Tuesday July 20, 2010
Oh boy, it's time for yet another Hollywood remake/redo of a French film. Director Jay Roach has established his career devoted to the comedy genre that includes the Austin Powers franchise, the successful 2000 "Meet the Parents", "Meet the Frockers", as well as producing the Borat & Bruno films starring Sacha Baron Cohen. Here he tackles the 1999 well received "The Dinner Game (Le Dîner de cons)" directed by Francis Veber, the source of previous U.S. remakes including The Man With One Red Shoe," "The Birdcage," and "Father's Day." Alas, another huge disappointment-especially considering the talent involved.
The premise: career minded Tim Conrad (Paul Rudd as the straight man) hopes to climb that executive career ladder to the upper floors with corner windows. After Tim impresses his boss, Lance Fender (Bruce Greenwood) during a meeting, Tim is invited to an exclusive dinner regularly thrown by Fender. The kicker: each attendee must bring a guest-the craziest/weirdest of which will be declared the "winner". Although he is reluctant to attend in a moral sense, Tim ultimately sees his chance for furthering his professional standing when he, literally, runs into Barry Speck, played by Steve Carell-outfitted with fake teeth, geeky hairdo & glasses to emphasize his character's geekiness. After Barry offers Tim one of the items that he exclusively uses in his dioramas, a stuffed dead mouse in a costume, Tim realizes that he has found his guest.
The highlight of the film, the actual dinner, does not come until the final reel, and, by then, it is too late. You have to previously endure a trying hour and a half as you watch Carell slowly intrude, and nearly destroy everything good in Rudd's life including his relationship with his girlfriend, Julie (Stephanie Szostak in a throw away role). The other characters who are introduced along the way include Barry's IRS boss, Therman (usually reliable Zach Galifianakis in a role that did not produce even a giggle), and Kieran (Jemaine Clement giving a way-over-the-top performance as a narcissistic womanizing artist who is planning to exhibit in Julie's art gallery).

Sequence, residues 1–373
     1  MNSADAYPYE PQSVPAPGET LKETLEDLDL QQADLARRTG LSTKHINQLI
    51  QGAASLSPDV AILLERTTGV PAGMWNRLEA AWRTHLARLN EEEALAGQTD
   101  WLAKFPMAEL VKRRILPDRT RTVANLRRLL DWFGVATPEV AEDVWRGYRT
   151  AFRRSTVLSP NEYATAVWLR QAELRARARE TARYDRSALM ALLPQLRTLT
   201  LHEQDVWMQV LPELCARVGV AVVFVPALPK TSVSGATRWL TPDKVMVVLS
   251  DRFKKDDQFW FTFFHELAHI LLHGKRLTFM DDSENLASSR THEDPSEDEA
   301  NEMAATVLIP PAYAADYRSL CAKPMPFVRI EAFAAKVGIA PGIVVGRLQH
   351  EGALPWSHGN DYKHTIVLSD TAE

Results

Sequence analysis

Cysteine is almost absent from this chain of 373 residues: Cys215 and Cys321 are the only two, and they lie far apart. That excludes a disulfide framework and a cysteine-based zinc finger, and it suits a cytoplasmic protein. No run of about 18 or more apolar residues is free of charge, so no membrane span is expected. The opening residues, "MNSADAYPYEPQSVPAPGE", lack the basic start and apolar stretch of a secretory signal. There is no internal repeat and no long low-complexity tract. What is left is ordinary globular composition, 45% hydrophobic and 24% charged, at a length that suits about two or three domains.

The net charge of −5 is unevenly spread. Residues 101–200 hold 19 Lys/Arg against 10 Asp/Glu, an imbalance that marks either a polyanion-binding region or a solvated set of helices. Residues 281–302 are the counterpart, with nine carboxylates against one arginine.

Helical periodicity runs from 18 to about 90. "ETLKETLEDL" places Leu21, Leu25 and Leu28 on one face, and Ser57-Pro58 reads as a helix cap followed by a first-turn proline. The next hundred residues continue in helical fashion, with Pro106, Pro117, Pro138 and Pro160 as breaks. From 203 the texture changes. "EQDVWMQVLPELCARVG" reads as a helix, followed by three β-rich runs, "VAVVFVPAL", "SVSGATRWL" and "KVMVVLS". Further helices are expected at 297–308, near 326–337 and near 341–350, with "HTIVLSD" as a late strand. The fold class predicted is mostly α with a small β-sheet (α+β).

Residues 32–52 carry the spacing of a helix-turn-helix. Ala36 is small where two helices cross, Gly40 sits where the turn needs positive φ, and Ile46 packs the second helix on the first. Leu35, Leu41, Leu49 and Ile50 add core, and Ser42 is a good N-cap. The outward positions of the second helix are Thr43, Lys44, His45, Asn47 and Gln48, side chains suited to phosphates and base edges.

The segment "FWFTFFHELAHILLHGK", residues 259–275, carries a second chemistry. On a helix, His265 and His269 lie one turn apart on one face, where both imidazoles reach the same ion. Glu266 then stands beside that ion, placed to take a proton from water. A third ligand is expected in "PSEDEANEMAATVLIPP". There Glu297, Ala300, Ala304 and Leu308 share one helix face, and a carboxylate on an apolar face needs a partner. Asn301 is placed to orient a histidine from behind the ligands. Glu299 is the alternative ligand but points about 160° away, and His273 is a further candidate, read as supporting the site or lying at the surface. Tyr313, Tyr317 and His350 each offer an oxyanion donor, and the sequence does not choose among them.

I really wanted to frequently laugh out loud, but the joint screenplay by Andy Borowitz, Ken Daurio, David Guion, & Jon Vitti only managed to squeeze out several light chuckles and one noticeable guffaw (during that dinner sequence at the end). I really yearned for more bite and satire but the script seemed to have that usual Hollywood soft edge-making sure not to offend anyone in the audience.
Rudd & Carell have now done three films together (including Carell's breakout film, "The 40-Year-Old Virgin", & "Anchorman") and their overall chemistry works here, but the film desperately needs an editor's scissor. When the only thing to recommend is a 15-minute segment at the end and those wonderfully conceived dioramas of dead mice, you know you are in for a long evening.
Barry (Steve Carell)with his dioramas
Barry & Kieran (Jemaine Clement) contemplate life
The dinner for schmucks